For a very long time, there was a large, impenetrable chunk of land a mile north of Uptown, surrounded by barbed wire fencing, full of long, dark, cavernous buildings constructed
For a very long time, there was a large, impenetrable chunk of land a mile north of Uptown, surrounded by barbed wire fencing, full of long, dark, cavernous buildings constructed of steel, wood, and brick. In the 1920s, Henry Ford built Model T’s inside the oldest building, which still stands. Then, later, the Army built more warehouses, blacked out the windows, and stored munitions here during World War II, installing special lighting and wooden block flooring to keep a burst bulb or a dropped explosive from, you know, blowing up the whole place. Later, they built Hercules missiles here. Most recently, Eckerd Corporation and Rite Aid used it as a distribution center. But after that tenant left in 2016, the place sat empty. Even before that, it was a forgotten-about expanse the size of 46 city blocks. It was dormant, as the rest of Charlotte rose up to the south.
But when Prism Supply was looking for a place to show off its motorcycles, the owner, Jake Hindes, talked to the new landlords at the place, which had been renamed Camp North End. Sure, they said, you can go into the spot where the Ford assembly line used to be.
And so a very large motorcycle show fit into a single corner of the vast building, tiny in context. By this time, Jake had already decided to move his whole business here. There was nothing else like it in Charlotte.
That’s the sort of story that keeps happening here, a mile north of Trade and Tryon, where the skyscrapers of Uptown are still close enough to see their individual windows. Camp North End is a work in progress. The first five years, explains Varian Shrum, the community manager, are about getting small businesses in place and people back on the property. Already, there’s a co-working space, a coffee roaster, a hair salon, an incubator for black-owned businesses, and a small group of Airstream trailers that function as tiny offices. Goodyear Arts, the nomadic gallery space that previously took up free residence in soon-to-be-demolished buildings all over town, has found a long-term (and free) home here.
Everything is within view of a tall, industrial water tower and a large boiler house with the boilers still in place. That equipment is meant for gawking at now, not heating.
As businesses grow, they can move into larger and larger spaces without having to leave, because here, there is nothing but room.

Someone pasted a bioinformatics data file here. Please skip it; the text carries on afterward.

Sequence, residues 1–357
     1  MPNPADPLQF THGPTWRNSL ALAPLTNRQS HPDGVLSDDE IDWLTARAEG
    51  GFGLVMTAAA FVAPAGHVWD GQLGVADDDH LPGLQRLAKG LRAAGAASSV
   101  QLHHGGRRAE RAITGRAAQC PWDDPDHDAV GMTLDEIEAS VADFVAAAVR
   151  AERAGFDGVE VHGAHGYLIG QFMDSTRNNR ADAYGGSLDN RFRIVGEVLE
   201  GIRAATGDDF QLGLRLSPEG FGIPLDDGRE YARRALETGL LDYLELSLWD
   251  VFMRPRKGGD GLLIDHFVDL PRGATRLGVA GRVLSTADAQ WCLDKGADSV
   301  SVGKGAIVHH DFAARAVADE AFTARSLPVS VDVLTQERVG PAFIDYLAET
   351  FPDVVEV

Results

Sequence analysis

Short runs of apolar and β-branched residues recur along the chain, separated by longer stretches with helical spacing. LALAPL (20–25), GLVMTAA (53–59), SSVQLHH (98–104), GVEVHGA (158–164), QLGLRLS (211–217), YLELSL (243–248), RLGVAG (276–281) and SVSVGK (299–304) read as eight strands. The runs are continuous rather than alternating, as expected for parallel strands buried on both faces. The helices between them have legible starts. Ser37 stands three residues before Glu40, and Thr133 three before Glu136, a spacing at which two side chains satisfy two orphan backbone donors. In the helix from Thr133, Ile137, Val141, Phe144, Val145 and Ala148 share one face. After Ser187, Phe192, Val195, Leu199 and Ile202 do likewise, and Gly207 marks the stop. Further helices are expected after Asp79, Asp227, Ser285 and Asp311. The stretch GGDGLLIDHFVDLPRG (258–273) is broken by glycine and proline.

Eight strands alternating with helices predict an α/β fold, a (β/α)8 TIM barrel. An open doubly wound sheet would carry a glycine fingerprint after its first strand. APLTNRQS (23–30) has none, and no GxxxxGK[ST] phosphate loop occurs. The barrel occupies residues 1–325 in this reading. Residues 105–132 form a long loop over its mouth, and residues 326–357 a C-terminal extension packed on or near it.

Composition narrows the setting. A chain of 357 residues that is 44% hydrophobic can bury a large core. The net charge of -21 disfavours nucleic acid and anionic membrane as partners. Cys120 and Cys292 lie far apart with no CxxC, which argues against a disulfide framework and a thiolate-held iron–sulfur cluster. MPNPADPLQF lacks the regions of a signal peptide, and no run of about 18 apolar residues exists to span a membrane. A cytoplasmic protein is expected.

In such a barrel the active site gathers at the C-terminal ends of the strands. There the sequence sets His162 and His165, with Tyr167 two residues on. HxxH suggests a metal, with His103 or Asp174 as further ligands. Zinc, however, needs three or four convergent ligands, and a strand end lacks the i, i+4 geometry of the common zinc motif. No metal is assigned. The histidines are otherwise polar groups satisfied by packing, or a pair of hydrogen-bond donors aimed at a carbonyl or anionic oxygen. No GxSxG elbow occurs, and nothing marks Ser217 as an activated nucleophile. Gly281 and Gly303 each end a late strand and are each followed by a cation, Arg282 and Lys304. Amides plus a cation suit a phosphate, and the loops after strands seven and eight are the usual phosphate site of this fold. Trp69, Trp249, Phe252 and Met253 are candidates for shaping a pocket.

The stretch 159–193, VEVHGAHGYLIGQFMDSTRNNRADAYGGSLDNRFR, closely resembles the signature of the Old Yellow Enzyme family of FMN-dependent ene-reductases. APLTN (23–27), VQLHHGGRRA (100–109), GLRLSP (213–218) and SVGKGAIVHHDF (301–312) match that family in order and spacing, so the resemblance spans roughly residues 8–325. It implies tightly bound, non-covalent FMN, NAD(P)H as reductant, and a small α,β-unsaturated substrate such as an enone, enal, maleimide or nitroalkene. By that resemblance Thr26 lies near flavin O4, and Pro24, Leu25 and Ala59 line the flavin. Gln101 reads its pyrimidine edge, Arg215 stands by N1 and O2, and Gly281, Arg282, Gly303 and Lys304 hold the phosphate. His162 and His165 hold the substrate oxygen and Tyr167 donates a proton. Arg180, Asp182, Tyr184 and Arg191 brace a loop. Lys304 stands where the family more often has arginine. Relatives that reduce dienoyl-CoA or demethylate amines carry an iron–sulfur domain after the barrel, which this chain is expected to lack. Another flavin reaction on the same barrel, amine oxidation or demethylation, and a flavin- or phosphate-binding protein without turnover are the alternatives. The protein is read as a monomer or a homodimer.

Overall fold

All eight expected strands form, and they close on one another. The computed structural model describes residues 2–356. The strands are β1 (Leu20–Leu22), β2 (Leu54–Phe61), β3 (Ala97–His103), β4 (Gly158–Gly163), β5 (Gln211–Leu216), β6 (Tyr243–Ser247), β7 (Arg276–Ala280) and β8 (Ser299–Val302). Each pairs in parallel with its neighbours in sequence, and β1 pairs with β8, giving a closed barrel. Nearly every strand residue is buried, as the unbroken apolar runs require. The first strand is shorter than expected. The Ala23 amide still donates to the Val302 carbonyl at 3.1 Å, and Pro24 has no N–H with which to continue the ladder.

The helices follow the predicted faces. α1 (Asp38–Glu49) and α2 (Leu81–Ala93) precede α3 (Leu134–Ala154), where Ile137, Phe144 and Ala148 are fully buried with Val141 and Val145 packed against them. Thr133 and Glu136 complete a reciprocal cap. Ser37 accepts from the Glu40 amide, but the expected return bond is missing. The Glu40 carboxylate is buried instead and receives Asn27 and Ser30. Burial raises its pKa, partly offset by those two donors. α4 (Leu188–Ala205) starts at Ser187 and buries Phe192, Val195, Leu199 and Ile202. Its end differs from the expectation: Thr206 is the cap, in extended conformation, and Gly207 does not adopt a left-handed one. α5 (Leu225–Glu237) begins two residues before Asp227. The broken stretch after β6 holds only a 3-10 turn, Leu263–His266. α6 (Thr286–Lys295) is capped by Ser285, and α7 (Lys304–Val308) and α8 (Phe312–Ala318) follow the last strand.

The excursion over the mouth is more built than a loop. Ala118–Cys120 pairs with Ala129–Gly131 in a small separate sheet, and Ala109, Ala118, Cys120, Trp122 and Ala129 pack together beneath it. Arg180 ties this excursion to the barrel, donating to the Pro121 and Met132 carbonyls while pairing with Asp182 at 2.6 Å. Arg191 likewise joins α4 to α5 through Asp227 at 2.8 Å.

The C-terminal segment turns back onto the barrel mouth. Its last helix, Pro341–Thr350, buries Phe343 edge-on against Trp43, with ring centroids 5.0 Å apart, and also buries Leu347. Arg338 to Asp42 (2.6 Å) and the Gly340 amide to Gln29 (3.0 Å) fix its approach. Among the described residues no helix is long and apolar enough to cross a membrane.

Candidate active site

The developer is cutting holes into buildings so city streets can run through, making new pathways for people, bicycles, and cars.
For such a large space, there are meaningful details everywhere. The murals on the doors of the old Ford factory are painted by high school students and nationally showing artists. There’s a courtyard where you can relax beneath a large shade structure created from steel and old pallets, surrounded by shipping containers. People come to use the Wi-Fi and work, or race drones, or listen to music, or take part in an art workshop, or take a dance class, all in the shadow of a factory that’s sitting empty, waiting to be used. “There are old buildings in Charlotte, but they don’t create a place,” Varian says. “Here, you can be surrounded by them.”
The point, says Damon Hemmerdinger, who bought and developed Camp North End, is that people are asking for this sort of thing in Charlotte. He explains this as he walks through an old Army warehouse, raising his voice over the saws, drills, and heavy equipment giving it a facelift. Durham has the American Tobacco Campus. Greensboro has Revolution Mill. Now, Charlotte has this, and “you just can’t get this in Charlotte,” he says. Damon admits that his family’s company, ATCO, bought this property for a low price, which means that he can be slow and deliberate in building it out over 20 years. Less debt means more control.
So the freestanding restaurant will come later; for now, a team of five munching goats keeps the kudzu at bay, and construction workers hammer away at the place where offices will go, and you can still hear the cabinetmakers and plastic recyclers who occupy the industrial part of the property. Jake Hindes, stepping out from his garage, where his employees are turning wrenches and working on custom motorcycles, explains why he’s here. “It feels a lot more artistic,” he says. “Everything you need is in-house.”
Camp North End
1824 Statesville Avenue
Charlotte, NC 28206